Jason Lauritsen - Crushing talent dogma to free human potential

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Work Doesn’t have to Suck

If you follow my blog regularly, you probably know that I also blog with my colleague, Joe Gerstandt, over at the Talent Anarchy blog.  Lately, we’ve been discussing work and why, in our opinions, it doesn’t seem to be working.  

A few weeks ago, Joe asked the question “Do we need a new eithic of work?”  This was a great question that got me to thinking, how do we make work better?  For me, the heavy burden at the moment lies with the individual employee.  The reason work sucks for so many people today is because we’ve allowed it to happen. The reality of the marketplace is that talent is still king and great talent is in high demand, but we’ve been content to accept whatever conditions our employers dish out to us.  To take back control of this relationship requires some different action.  
So, my response to Joe was that we, as the ‘workers’ need to take it upon ourselves to seize control of our work experience and to create the leverage we need to drive change, not just for ourselves, but in the system.  Business is adaptive and it will change to meet our needs only once we draw a line in the sand and declare that we’ve had enough.  
To accomplish this, I wrote a series of posts that lay out how I believe that we can take back control of our work experience.  Here are the links to those posts if you are interested. 
  1. We need to take back control of work.
  2. Self-awareness
  3. Personal accountability
  4. Exceptional skill and abilities
  5. Network
  6. Fierce authenticity
  7. Commitment
If you take the time to review these posts, I’d love your thoughts and feedback.  Do you agree with this list?  What did I miss?  Do you have examples to share of how this approach has worked for you or someone you know?
Work can make work better.  I’m certain of it.  But, it’s not going to happen until we decide to make it so.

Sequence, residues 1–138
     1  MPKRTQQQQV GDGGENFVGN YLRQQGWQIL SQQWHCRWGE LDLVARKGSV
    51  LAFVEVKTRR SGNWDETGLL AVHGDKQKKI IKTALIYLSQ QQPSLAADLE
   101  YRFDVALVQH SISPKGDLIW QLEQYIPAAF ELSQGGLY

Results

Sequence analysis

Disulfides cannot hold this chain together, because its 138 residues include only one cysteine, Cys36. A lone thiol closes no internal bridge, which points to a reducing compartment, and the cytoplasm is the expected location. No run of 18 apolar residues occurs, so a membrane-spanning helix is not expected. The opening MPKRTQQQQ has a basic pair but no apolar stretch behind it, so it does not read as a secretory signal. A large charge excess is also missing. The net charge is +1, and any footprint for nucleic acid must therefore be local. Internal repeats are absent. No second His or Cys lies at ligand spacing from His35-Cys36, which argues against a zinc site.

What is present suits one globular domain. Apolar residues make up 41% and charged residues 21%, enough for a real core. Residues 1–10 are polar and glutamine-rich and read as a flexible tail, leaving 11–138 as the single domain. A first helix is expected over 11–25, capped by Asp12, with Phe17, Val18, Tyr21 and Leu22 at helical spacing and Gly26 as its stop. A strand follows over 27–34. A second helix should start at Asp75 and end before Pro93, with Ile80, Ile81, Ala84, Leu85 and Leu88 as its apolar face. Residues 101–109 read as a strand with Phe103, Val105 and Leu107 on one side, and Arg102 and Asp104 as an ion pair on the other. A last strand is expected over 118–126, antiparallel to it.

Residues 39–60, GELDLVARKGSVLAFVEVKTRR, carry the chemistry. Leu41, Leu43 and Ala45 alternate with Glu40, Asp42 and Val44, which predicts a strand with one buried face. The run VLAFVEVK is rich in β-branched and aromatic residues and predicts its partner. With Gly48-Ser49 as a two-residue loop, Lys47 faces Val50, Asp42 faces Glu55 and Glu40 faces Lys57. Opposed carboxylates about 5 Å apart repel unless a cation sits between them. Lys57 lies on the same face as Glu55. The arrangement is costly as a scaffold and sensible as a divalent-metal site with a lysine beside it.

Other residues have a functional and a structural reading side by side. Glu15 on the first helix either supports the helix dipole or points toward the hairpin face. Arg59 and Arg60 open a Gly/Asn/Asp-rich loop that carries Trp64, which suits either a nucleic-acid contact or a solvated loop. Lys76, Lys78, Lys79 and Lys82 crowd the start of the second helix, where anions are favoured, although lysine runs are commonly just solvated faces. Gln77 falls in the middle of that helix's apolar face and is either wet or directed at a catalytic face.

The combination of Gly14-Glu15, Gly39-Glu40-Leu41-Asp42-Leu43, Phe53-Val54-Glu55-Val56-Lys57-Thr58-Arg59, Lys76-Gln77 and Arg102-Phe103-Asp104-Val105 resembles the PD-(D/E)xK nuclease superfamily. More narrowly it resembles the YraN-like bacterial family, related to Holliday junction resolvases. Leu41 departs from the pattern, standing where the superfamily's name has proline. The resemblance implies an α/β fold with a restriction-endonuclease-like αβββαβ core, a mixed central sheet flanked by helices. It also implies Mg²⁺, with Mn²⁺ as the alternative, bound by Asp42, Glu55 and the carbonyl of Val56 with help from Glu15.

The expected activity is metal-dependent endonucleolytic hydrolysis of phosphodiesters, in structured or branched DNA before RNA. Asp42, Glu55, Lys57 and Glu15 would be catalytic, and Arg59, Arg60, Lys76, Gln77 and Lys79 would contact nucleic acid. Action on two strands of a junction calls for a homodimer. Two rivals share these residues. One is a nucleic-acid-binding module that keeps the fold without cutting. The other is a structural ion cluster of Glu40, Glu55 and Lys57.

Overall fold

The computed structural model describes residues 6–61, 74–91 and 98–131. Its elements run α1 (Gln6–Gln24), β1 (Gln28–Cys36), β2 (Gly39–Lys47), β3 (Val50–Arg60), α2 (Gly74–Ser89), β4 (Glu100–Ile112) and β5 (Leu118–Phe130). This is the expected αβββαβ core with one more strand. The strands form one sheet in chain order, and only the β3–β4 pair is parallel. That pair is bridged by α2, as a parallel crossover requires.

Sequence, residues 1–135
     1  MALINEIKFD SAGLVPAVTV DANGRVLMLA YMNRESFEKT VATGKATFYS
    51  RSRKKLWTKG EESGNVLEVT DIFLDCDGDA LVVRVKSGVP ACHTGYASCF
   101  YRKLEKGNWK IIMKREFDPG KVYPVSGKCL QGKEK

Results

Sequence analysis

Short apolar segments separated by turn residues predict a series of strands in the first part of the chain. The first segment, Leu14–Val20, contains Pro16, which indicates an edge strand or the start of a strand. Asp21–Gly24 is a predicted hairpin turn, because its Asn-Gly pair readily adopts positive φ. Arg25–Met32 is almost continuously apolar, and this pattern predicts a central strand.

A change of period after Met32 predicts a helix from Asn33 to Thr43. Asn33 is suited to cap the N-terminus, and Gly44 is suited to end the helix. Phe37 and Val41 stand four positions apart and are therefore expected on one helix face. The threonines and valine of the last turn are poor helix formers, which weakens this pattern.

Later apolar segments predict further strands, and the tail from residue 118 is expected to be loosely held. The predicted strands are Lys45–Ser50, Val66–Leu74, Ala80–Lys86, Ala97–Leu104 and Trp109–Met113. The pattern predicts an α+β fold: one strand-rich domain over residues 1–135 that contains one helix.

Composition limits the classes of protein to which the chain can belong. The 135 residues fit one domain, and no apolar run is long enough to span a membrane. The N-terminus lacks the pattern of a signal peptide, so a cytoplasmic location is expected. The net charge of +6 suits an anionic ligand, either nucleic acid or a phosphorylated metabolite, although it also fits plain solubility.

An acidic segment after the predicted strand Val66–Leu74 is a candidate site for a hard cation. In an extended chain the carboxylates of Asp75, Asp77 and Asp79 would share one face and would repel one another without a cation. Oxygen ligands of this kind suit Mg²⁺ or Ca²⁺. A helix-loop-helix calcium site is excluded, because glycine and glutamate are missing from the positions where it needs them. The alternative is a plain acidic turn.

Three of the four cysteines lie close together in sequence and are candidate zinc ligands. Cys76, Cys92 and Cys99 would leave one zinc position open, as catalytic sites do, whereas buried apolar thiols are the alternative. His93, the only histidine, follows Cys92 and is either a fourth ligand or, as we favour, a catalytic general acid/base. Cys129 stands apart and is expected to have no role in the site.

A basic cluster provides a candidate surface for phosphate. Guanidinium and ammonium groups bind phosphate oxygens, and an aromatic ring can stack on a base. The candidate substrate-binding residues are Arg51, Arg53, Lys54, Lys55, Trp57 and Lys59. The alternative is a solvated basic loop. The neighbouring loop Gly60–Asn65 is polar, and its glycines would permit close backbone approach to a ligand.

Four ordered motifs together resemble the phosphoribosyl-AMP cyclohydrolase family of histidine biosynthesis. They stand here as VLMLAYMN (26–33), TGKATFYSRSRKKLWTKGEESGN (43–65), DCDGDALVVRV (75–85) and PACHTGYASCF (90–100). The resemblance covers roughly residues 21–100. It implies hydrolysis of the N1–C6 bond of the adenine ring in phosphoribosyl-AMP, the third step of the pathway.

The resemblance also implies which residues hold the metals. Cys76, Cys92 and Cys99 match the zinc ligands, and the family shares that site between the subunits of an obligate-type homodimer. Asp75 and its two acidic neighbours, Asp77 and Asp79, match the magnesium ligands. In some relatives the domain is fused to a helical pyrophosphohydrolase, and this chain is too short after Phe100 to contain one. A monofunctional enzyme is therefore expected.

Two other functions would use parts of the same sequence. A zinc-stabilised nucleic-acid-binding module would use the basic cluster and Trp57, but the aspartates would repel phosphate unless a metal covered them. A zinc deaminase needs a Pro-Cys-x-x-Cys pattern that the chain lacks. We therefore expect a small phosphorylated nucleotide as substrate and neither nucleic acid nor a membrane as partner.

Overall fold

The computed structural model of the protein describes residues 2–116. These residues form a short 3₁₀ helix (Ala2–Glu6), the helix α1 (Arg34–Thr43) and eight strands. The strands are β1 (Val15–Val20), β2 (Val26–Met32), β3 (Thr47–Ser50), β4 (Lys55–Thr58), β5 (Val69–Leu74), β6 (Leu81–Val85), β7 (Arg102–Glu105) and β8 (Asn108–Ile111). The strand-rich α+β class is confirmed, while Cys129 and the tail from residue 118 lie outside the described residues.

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  1. Adi Gaskell

    The Management Innovation Exchange do an awful lot of work in this area as well. As you say, there is so much that can be done better in the workplace. Hopefully the next decade will see much of it happen.

  2. Jason Lauritsen

    Adi, Thanks for the comment. I agree that there's a lot of work being done and Management Innovation Exchange is doing some great stuff. My concern is that all of the focus seems to be on the organization. My experience tells me that the organization isn't going to change until the people demand it. I'd like to see more work pointed at helping employees gain the perspective and tools they need to start that transition. My posts were just a small pebble in the ocean in that regard.

    I, too, share your hope for change in the next decade, but I'm skeptical that real change will come until it's forced.

  3. David Grossman

    Jason, great post. Taking personal responsibility and accountability at work seems more important than ever today so one is part of the solution instead of part of the problem. Want to improve the workplace? You have to be willing to be part of the changes you want to see — speak up, get involved, ask questions. There's so much one can do.

Jason Lauritsen